hope the info provided helps


Lady-J wrote:
3 skill points (1 per hit die animal companions are sool when it comes to skills) they also have a special bond with their animal allowing them to comand them with out needing a handle animal check(otherwise animal companions would be totally useless at level 1-16 at a majority of tables) only check needed is to teach the trick but no check needed to use the trick the bonus tricks are just tricks you can auto teach the pet with out needing a check while the most tricks you can teach an animal companion is 3(with one int) or 6(with 2 int) were as if they bump their animal companions int to 3 at level 4 they get unlimited tricks and they can also take any feat in the game now as opposed to just those on the animal companion list(so long as they meet the other prerequisits) natural attacks never get iritative attacks so at +6 bab only 1 attack per natural attack,and yes at level 7 the tiger becomes large size and the changes are because of the change in size(+8 str-2dex+4 con +2 NA attack die increases) they also get a few extra goodies like pounce

Where do you see it that an animal with an Int of 4 gets unlimited tricks? And feats (given prereqs are met)? And what is this more limited list of feats you refer to?

Let me guess: in the PPC: Animal Archive. Can you give me SRD links?

{PS: Does Speak with Animals help?}

~~~~~

As for growing large, if I put my stupid question a different way...

I think that the following CHANGE pieces of the description:
Size: Change Medium to Large (and yes, this causes all the rest);
Attack dice: Improve each to the next larger die;
Special Attacks: Add grab & pounce; improve rake to 1d6.

But the other bits simply ADD to the mods that were in place:
NA +2; Str +8, Dex –2, Con +4

Can you confirm this?

~~~~~

{PS: And when can the tiger rake? She has to start the round in a grapple, yes, but what else can she do? Use all of her other natural attacks? Pin, etc.?}


You're correct on what the changes from growing to Large are, to the best of my knowledge.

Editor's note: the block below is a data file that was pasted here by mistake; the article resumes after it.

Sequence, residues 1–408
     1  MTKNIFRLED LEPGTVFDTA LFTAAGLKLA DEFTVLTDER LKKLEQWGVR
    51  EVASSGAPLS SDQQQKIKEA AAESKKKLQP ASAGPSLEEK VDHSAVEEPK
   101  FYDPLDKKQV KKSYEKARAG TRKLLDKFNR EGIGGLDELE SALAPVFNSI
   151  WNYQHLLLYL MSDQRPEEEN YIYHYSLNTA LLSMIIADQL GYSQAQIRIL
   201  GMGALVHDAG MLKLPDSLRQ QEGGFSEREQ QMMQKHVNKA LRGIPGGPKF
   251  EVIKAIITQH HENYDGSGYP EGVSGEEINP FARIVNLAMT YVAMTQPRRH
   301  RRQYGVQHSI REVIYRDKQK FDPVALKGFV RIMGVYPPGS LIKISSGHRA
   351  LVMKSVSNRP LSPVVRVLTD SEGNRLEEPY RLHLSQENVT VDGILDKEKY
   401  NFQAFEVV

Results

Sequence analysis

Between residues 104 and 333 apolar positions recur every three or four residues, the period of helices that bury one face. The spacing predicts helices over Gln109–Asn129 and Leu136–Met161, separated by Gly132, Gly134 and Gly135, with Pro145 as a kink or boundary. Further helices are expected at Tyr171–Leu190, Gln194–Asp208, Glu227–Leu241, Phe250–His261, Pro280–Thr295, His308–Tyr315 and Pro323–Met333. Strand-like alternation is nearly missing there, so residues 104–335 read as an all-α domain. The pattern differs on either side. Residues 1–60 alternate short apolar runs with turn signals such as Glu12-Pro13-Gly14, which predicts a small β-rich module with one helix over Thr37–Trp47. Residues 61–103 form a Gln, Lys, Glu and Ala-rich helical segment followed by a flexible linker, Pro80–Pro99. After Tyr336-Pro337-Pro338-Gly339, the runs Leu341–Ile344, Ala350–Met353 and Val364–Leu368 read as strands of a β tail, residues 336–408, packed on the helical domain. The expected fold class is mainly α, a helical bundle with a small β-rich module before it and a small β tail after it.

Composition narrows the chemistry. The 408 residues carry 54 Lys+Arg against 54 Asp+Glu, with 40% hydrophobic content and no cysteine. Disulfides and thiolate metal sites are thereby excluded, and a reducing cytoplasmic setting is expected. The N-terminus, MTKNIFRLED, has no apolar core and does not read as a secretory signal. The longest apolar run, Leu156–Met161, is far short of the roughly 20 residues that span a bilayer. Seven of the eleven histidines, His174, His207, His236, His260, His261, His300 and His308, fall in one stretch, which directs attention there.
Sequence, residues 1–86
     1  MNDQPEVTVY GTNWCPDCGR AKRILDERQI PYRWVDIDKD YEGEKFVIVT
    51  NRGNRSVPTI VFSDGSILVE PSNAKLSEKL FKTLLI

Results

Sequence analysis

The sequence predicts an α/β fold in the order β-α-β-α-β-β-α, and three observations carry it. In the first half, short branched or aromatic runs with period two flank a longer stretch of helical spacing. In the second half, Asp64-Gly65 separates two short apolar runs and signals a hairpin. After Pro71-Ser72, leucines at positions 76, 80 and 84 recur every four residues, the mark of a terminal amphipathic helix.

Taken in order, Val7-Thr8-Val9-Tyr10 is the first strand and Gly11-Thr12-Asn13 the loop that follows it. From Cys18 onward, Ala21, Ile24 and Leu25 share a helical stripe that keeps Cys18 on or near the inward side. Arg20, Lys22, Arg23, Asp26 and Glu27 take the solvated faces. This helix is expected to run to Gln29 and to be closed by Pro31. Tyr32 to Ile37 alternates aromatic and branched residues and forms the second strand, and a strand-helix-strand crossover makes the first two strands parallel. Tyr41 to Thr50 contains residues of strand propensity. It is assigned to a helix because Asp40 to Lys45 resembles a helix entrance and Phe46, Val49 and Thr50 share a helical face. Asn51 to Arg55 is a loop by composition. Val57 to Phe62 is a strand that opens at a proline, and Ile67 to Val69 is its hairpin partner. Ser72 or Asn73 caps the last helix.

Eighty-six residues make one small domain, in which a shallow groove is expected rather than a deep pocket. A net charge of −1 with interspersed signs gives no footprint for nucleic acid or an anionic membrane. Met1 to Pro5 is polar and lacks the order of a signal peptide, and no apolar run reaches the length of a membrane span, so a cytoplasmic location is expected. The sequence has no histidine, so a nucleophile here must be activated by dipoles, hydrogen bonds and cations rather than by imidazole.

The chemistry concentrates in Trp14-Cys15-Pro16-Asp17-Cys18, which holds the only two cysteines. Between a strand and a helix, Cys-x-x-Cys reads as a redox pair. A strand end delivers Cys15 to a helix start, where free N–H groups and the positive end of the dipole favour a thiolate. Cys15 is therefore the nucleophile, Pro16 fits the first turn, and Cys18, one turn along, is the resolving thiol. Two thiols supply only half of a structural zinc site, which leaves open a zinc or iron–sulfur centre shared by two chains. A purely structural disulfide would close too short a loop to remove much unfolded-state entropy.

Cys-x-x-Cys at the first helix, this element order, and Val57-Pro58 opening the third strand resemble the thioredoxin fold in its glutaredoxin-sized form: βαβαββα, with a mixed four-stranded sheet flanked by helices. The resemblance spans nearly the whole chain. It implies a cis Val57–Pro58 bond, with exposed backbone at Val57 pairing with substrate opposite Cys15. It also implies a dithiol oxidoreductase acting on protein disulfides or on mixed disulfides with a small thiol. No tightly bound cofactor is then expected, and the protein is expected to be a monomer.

The talk about feats actually comes from the description in the section on animal companions after the Druid class:

Animal Companions rules wrote:
Feats: This is the total number of feats possessed by an animal companion. Animal companions should select their feats from those listed under Animal Feats. Animal companions can select other feats, although they are unable to utilize some feats (such as Martial Weapon Proficiency). Note that animal companions cannot select a feat with a requirement of base attack bonus +1 until they gain their second feat at 3 Hit Dice.

Later on in the animal companion section, there's a part titled Animal Feats:

Animal Companion rules wrote:

Animal Feats

Animal companions can select from the following feats: Acrobatic, Agile Maneuvers, Armor Proficiency (light, medium, and heavy), Athletic, Blind-Fight, Combat Reflexes, Diehard, Dodge, Endurance, Great Fortitude, Improved Bull Rush, Improved Initiative, Improved Natural Armor, Improved Natural Attack, Improved Overrun, Intimidating Prowess, Iron Will, Lightning Reflexes, Mobility, Power Attack, Run, Skill Focus, Spring Attack, Stealthy, Toughness, Weapon Finesse, and Weapon Focus. Animal companions with an Intelligence of 3 or higher can select any feat they are physically capable of using. GMs might expand this list to include feats from other sources.